The ball is also a showcase for how Powell outfitted so many of the court’s members — and how she creatively worked within a slim budget to create a sense of royal grandeur. “Something I found that really helped me was a roll of fabric in a very sort of cheap shop that was black, laser-cut vinyl,” explains Powell. “It lent itself to being cut up and applied onto the costumes to give them those sort of outlines, so every time we see a sort of black pattern, that was what it was. Then I copied it in cotton and laser-cut cotton to create the lace. It’s sort of the positive and negative effect on all the court costumes. I think finding that one roll of fabrics inspired the look for the entire court, really.”
To make up for the mostly colorless identity of the court, Powell signified opulence with different textures and patterns instead. One of The Favourite’s most over-the-top outfits comes near the end, when Abigail has finally claimed what she sees as her rightful place among the monied elite. But as we see from the heavy makeup on her face — which includes a star drawn on her cheek — and the aggressive striping on her black-and-white party dress, Abigail lacks Sarah’s poise in court. She’s got tacky new money radiating off of her.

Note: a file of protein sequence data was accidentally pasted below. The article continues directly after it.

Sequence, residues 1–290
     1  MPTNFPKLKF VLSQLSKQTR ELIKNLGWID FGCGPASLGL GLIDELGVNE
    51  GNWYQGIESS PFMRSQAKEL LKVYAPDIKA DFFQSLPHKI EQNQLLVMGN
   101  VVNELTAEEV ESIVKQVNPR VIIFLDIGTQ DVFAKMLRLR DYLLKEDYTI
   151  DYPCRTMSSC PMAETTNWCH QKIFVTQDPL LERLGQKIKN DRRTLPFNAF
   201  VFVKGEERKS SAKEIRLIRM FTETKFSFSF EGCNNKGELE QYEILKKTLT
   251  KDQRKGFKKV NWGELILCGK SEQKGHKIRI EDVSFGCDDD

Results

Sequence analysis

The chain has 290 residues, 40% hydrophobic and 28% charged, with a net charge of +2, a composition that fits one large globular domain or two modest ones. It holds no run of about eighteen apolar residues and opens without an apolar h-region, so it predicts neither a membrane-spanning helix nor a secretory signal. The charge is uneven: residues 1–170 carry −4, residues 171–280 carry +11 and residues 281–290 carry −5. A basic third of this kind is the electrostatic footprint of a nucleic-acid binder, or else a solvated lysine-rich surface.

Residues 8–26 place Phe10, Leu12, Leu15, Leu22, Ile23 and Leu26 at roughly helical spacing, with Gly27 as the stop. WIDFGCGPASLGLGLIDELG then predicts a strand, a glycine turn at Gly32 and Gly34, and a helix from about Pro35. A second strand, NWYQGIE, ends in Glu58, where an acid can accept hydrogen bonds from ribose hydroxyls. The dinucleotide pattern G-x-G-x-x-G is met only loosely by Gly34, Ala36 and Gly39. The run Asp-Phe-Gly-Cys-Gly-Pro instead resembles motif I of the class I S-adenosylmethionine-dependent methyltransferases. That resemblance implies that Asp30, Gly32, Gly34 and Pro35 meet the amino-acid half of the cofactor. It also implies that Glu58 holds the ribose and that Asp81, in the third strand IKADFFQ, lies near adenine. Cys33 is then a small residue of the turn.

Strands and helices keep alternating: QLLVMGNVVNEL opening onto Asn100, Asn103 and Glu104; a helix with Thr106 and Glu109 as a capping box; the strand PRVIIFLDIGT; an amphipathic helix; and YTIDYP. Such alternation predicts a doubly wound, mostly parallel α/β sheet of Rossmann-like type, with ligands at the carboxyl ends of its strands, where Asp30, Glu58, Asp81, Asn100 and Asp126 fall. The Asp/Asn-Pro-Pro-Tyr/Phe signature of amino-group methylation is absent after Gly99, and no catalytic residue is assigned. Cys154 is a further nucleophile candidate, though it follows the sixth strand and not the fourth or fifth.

“She’s gone a bit too far, you know. She’s climbed that social ladder that she was desperate to do, and got to where she wants to be, and she has her wealth back. But wealth doesn’t necessarily bring taste,” says Powell. “There was not much decoration on anybody, and she does have a little bit more than anybody else. I was playing with the fabrics on the stand, which is how I work, with the cutters. I drape the fabric and we mess around with it, and we get all the folds and the silhouettes of the overskirt. I was playing particularly with the patterns of the fabric and the stripes, and sort of moving them closer together, further apart, making chevrons of all sorts just to push it a bit further than the rest of them.”
The Blue-Jeaned Kitchen Staff